Biometrics Institute warns biometrics misuse could undermine public confidence
Following recent reports of facial recognition technology being misused, The Biometrics Institute is urging law enforcement agencies, border management agencies and governments to follow existing good practices to ensure responsible use of biometrics. If they fail to do so, the Institute warns that regulators may restrict usage and place an onus on the industry to ensure privacy protections.
Georgetown Law’s Center on Privacy and Technology recently released a pair of reports about law enforcement use of biometric facial recognition, including the revelation that New York police have used sketches and digitally altered faces to generate matches.
International laws and standards for biometrics have yet to be developed, and the Biometrics Institute has taken on a role of issuing good practice guidelines to help organizations assess and implement responsible and ethical biometrics practices. Using biometrics without regard for these principles risks undermining public confidence in policing and counter-terrorism applications of the technology, according to the Institute’s announcement.
International member organizations of the Institute’s multi-stakeholder community have access to the recently updated Privacy Guidelines, Ethical Principles for Biometrics, Top Ten Vulnerability Questions, and the United Nations Compendium of Recommended Practices for the Responsible Use and Sharing of Biometrics in Counter-Terrorism. The latter guide is part of the Institute’s work with the United Nations Counter-Terrorism Committee Executive Directorate (CTED) and the Office of Counter-Terrorism (OCT).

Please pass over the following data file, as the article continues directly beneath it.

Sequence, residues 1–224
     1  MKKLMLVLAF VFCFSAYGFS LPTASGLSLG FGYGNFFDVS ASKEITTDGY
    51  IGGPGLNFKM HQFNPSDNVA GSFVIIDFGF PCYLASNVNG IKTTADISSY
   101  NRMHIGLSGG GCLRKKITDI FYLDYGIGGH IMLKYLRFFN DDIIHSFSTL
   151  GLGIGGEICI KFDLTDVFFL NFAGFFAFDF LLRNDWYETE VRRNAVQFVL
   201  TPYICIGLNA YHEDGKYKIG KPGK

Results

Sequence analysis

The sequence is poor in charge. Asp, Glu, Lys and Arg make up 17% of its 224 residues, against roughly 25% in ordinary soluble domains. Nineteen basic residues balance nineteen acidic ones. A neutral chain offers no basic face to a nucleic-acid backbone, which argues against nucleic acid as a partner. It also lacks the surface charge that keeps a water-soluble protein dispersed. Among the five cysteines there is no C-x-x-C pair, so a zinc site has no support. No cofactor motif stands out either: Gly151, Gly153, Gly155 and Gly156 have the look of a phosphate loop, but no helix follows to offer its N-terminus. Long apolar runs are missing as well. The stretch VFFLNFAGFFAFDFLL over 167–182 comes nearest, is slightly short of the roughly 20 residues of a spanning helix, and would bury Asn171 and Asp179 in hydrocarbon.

“Biometric technology has the potential to aid and accelerate identification when used carefully by trained humans, following proper processes and using the technology in the way it was originally intended,” Biometrics Institute CEO Isabelle Moeller says. “But it is vital that anyone using biometrics to identify individuals follows responsible and ethical guidelines to avoid people suffering from the consequences of the technology not being managed properly.”
“In cross-border terrorist investigations for example, strict protocols must be followed,” Moeller adds. “The contextual assessment of biometric ‘hits’ is critical. Governments need to liaise effectively and confidentially so that any potential suspect is interviewed discreetly and can potentially be eliminated from the enquiry immediately – without undue publicity. Tight controls must be exercised and human rights and the right to appeal must be respected, as stressed in the United Nations compendium.”